Sing Four Favorites
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Two for the Show
It’s always nice to hear good music. That’s a goofy statement, but to a music addict like myself, it holds truer than most other statements. It’s even nicer to hear good music when you have to listen to a lot of average to poor music as a rock critic does. Those of you who are only on the listening side of the fence have no idea how many things get released that would have just been better off left in some shoebox somewhere. So it pleases me to be able to bring to you two new releases that I think everyone should add to their collection.
First up is The Exit and their four song EP Sing Four Favorites. This New York trio plays spare and driving tunes that one could slot into the ska, punk, pop punk, rock, dub, reggae, or whatever other slot you may care to think of when listening to their music. But really it’s none of those things as well. Lead singer Benjamin Brewer says, “We don’t want to sound like anyone else.” Well they don’t, but they do.
What The Exit reminds me of first and foremost is Joe Jackson circa Look Sharp! and I’m The Man minus the piano. And I mean this as a great compliment to the band, as those two albums are a pair of my all time favorites. I always thought that Jackson should have stuck to his original style instead of wandering about for years trying to shake off his great pop sensibilities. But here The Exit churns out four sweet songs that are mainly driven by Jeff DaRosa’s melodic bass riffs and Aren Gunnar’s rhythmic drum patterns. Brewer’s own guitar lines add an extra bite of melody to the atmosphere, making a terrific tight and solid sound.
“Do You Think It’s Alright?”, “The Luckiest Man”, “Susan”, and “Easy Money” are all great songs with no dull moments, bum notes, or moments of tedium. That may be partly thanks to the their short lengths, but I think it’s all due to the fact that these guys just really know what they’re doing and have a good time at doing it. So strap on the skinny ties once again, as Sing Four Favorites is one of the best EPs released this year.
On the full-length album side of the spectrum is Champale and their impeccable Simple Days disc. These guys have gotten press from both The New Yorker and the New York Press as well as CMJ Online. Not bad for an underdog. I specifically requested this disc because the group is on the Pitch-a-Tent label, once home to the great Camper Van Beethoven. I figured that Champale should at least be half as good. Well, frankly they’re excellent.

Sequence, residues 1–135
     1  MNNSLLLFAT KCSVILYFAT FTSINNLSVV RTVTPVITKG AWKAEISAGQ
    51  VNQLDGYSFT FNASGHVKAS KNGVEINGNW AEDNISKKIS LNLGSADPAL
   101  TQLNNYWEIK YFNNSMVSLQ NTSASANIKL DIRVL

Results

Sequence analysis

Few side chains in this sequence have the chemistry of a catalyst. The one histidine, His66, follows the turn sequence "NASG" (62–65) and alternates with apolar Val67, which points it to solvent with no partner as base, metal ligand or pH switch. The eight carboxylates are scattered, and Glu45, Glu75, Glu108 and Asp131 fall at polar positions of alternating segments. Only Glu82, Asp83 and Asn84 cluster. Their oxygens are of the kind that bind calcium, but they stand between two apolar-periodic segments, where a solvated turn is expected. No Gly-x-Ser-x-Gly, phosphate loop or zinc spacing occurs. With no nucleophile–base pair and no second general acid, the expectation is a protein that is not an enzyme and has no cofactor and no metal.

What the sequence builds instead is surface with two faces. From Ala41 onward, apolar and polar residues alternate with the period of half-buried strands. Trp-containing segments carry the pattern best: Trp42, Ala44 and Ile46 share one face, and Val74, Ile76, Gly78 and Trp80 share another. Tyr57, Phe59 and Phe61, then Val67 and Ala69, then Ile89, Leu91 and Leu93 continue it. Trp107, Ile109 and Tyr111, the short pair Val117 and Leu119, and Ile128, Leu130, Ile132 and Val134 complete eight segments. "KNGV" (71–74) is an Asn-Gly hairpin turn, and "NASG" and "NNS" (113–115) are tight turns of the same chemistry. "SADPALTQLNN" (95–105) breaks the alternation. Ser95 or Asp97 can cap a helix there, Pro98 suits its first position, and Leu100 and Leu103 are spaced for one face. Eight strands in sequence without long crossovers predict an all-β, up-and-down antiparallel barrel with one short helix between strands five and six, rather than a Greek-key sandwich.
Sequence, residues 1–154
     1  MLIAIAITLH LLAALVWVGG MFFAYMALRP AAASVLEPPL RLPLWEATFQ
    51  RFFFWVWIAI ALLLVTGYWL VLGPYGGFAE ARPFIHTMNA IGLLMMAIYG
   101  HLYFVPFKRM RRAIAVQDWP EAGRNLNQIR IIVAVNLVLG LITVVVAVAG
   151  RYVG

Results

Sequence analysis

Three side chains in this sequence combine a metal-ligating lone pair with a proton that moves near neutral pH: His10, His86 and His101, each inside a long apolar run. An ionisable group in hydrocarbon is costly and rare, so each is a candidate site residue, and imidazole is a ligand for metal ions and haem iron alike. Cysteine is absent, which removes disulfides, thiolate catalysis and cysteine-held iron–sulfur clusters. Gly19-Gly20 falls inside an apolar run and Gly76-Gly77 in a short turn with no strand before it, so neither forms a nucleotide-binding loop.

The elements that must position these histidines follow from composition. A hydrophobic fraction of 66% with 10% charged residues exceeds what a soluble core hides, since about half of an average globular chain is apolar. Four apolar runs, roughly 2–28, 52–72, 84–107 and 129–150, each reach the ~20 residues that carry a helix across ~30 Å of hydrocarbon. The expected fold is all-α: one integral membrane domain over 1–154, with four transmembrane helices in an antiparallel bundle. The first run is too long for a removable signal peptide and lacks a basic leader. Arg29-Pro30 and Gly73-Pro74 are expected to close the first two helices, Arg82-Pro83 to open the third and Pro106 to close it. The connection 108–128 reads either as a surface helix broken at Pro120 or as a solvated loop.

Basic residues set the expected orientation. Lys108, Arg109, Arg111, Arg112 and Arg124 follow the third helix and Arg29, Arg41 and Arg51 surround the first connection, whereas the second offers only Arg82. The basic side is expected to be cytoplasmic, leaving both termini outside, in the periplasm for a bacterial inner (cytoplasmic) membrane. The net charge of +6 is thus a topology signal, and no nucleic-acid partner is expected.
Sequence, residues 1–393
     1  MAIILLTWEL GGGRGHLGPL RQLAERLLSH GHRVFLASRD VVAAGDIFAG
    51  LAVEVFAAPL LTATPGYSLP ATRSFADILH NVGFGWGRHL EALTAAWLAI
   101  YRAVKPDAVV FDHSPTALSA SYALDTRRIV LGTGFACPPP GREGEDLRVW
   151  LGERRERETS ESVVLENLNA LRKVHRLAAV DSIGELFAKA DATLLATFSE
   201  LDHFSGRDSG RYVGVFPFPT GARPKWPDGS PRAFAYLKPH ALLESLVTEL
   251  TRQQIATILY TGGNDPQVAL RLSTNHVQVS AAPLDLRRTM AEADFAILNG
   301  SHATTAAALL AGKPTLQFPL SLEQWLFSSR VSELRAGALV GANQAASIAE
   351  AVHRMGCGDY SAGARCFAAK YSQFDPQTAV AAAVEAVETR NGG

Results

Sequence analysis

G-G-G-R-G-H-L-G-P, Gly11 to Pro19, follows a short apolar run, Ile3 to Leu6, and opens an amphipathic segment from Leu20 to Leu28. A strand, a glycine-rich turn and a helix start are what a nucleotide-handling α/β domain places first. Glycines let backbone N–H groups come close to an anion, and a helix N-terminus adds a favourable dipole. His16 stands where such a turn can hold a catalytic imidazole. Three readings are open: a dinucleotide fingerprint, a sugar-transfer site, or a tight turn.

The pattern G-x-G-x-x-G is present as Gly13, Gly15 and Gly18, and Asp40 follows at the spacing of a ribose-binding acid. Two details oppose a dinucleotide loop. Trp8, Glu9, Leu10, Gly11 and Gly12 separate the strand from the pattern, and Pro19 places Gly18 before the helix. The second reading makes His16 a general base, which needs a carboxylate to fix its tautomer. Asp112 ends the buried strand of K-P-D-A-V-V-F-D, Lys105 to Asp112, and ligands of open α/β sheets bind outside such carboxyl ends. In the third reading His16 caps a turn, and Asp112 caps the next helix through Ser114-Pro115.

The band features a whopping eight members, including Luna drummer Lee Wall, ex-44 member Mark Rozzo, Pizzicato Five tour member Erin Elstner on vibes, and second drummer Ira Elliot from Nada Surf. What the band creates here is nothing short of visionary, with Rozzo’s songs creating a warm blanket of musical tranquility and rock refinery. This tastiness is probably best displayed on the album’s second track “Motel California” which features superb melodicism and astute band interplay.
Other highlights include “Hard to Be Easy”, “Paducah”, the surreal “Black Telephone”, and the perfect “‘68 Comeback.” On these tunes, Champale produces sounds that are seemingly West Coast one moment, then decidedly East Coast the next making for one lovely mix that never fails to miss its mark. They’re not above experimenting either, as their sound veers from catchy pop to more avant garde terrain all within a matter of a few measures. But this isn’t the kind of boring weirdness that bands like Beans employ. Instead, it is a beautiful sound that captures the essence of a long summer’s day as the sun slides down the sky to meet the horizon. Laid back and effortless, Champale and Simple Days are simply stunning.
So there you go. Two discs that you should rush out and buy right now. Take it from me, the guy who always warns you about some of the flimsiest rock and pop out there today. This is the good stuff through and through. And if you don’t take my word for it, take it from the fans and critics who also already know how great these two groups are. It doesn’t hurt to get a second opinion, but in these instances I believe I’m quite right. Of course, I also walked through Bedford Stuy alone and drove my motorcycle in the rain. But that’s another story.
// Sound Affects
"The man whose songs were recorded by Johnny Cash, Alan Jackson, Ricky Skaggs, David Allan Coe, The Highwaymen, and countless others succumbs to time’s cruel cue that the only token of permanence we have to offer are the effects of shared moments and memories.READ the article